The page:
Science has been the great creator of mundane wealth in the modern world, beginning with the birth of modern science in Renaissance Italy. Quite apart from any cultural or philosophical benefits, most modern industries are expansions of processes that began in the laboratory. Complex finance and trade existed as far back as ancient Mesopotamia, and resulted in nothing very much. Science in the sense of a blend of theory and experiment was a unique European invention and gave Europe a key advantage over the rest of the world.

Not that the rest of the world was standing still. Since the fall of Rome, China had invented printing, gunpowder and the magnetic compass. The Hindus had invented a way to represent large numbers with just a few characters, the ‘Arabic’ numerals that replaced the clumsy heritage of Rome. Muslims had transmitted these ideas, along with paper-making and windmills and also algebra that was vastly better than the brief attempts of the Classical Greeks. Science made a new world by blending the creativity of many different cultures. Commerce just tapped into the potential.

None of this features in the work of most economists, and least of all Milton Friedman. Wealth appears mysteriously, possibly by money breeding with money in the secrecy of the world’s bank vault. His ideas and the worry about inflation served as a cover for attacking what had been a very successful system

[A more complete study can be found at this site.]

 

Maoist legacies [Dutch Socialist Party]

I’d never previously heard of the Dutch Socialist Party, who won 16% of the vote in the recent General Election, gaining 25 seats in a parliament of 150. But it seems they began in the early 1970s as the ‘Communist Party of the Netherlands/Marxist-Leninist’, evolving away from Maoism and also towards a functional politics. They’re now the third largest party and could easily overtake the Dutch Labour Party next time.

Since the splits within Leninism in the 1960s, we have seen the pro-Moscow Communists dwindle even before Moscow lost it. Trotskyism absorbed a lot of the best radicals, but could do nothing with them. It is the Maoist or anti-Revisionist trend that proved productive. Producing an interesting variant on classical revolution in Nepal, and now a new electoral party that might mean the regeneration of the West European left.

Trotskyist achievements are easy to summarise – there aren’t any. Never an armed group that was more than a violent nuisance. Never a functional political party outside of Sri Lanka, where politics are a mess. Trotsky’s achievements in the Bolshevik Revolution were dependent on him forgetting what he’d been saying about Lenin for many years before 1917. When Lenin expected ‘bourgeois democracy’ as the next stage in Russia, Trotsky condemned him as dictatorial. When Lenin decided that circumstances required a dictatorship and the sabotaging of Russia’s Constituent Assembly, Trotsky was very much part of it. Only when no one trusted him to succeed Lenin did he return to his normal role of futile critic. (Trotsky had very few followers when he joined the Bolsheviks, and I think most of them declined to follow him in a move that made nonsense of his earlier positions.)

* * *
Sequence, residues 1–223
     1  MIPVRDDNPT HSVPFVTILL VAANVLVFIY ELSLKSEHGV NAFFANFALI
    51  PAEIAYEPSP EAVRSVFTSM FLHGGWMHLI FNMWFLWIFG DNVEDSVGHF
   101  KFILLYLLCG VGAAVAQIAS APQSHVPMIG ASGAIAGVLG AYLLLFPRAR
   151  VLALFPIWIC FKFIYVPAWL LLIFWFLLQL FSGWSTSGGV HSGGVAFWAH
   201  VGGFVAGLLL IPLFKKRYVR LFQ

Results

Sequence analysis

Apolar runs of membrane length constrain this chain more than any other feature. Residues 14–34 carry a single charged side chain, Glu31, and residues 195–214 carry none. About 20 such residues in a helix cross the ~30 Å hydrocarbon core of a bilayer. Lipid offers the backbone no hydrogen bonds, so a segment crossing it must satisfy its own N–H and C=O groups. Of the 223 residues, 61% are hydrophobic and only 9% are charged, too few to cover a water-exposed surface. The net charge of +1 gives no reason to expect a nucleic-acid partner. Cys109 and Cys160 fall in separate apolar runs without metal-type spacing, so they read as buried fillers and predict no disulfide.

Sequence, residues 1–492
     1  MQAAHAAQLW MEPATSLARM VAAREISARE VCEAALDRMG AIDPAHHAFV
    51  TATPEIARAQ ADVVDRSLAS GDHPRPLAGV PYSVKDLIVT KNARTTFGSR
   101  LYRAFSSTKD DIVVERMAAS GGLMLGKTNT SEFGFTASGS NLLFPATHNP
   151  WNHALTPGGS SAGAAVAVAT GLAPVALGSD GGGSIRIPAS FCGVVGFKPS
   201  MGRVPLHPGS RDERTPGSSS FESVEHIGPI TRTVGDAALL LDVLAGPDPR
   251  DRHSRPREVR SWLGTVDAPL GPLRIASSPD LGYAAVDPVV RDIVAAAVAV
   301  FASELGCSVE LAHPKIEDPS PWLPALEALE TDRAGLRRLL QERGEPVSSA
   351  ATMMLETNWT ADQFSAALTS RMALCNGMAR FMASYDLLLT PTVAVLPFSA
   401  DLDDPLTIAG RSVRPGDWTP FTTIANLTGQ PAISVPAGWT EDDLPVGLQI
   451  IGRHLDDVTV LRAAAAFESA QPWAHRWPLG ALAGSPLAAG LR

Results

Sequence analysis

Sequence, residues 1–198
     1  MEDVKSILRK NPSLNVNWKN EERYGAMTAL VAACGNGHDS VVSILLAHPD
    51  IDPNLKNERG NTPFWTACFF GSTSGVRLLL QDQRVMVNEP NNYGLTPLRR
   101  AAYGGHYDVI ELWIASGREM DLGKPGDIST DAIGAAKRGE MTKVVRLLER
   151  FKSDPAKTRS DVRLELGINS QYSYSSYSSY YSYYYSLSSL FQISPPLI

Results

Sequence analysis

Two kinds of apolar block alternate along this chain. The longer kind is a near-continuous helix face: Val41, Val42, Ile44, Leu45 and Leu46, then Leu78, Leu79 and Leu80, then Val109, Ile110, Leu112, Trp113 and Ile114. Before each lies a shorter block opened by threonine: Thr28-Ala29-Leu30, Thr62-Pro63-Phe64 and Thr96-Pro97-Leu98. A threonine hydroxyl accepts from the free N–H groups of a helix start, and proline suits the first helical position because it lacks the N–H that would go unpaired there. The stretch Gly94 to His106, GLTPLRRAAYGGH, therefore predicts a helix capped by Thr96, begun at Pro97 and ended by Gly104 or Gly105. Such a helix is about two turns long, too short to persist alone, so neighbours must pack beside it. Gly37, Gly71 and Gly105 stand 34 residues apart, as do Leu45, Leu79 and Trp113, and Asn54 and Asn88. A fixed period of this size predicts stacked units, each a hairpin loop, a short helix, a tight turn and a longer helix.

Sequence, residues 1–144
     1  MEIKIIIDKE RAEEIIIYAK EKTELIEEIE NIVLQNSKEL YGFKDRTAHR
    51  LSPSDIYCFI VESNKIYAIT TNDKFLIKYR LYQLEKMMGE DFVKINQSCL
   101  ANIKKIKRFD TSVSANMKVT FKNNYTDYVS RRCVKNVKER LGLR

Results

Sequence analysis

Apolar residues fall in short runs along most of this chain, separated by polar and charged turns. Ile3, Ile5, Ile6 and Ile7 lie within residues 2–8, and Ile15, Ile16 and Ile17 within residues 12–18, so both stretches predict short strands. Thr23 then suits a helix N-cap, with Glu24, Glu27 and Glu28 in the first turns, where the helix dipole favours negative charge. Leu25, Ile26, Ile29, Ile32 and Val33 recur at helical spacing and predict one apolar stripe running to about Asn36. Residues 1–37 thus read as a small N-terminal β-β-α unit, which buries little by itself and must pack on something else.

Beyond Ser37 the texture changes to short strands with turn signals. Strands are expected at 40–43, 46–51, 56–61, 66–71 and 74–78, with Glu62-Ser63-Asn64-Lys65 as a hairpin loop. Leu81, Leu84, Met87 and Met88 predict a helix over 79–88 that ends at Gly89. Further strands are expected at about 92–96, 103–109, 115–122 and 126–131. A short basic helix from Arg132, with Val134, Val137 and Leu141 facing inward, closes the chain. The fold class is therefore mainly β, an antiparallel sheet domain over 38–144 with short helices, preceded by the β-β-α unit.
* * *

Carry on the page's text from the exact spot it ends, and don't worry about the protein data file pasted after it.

Meantime the grandest legacy of Maoism is China itself, the world’s fastest-growing large economy. Deng Xiaoping was criticised by Western liberals for not rejecting Mao’s heritage, but people in poor countries mostly do best if they do the opposite of what Western liberals advise them to do. Right now, China’s leaders are correcting for some of the excesses of the Deng era, when the poorest lost out. It does seem to be the poorest rather than the working mainstream, similar to Britain and very different from the USA. Only in the USA are large numbers of people full of a dopy enthusiasm for policies that only benefit the rich. In Britain it has been the poorest tenth who lost out under Thatcher: maybe something similar happened in China:

“Average income of the bottom decile went down slightly between 2001 and 2003, whereas all other income categories saw significant increases…

“China, which had relatively even income distribution in 1980 when it embarked on market reforms, is now ‘less equal’ than the US and Russia, using the Gini co-efficient, a standard measure of income disparities.” (Financial Times [A]).

Mao’s basic policies have held, including a unified country and effective politics. Multi-party democracy in Britain began as factions of aristocrats and only gradually included the people. Introduced suddenly it tends to produce sectarian warfare, as in Iraq. Even a stable political system is vulnerable – the USA’s own Civil War arose very directly from the election of 1860.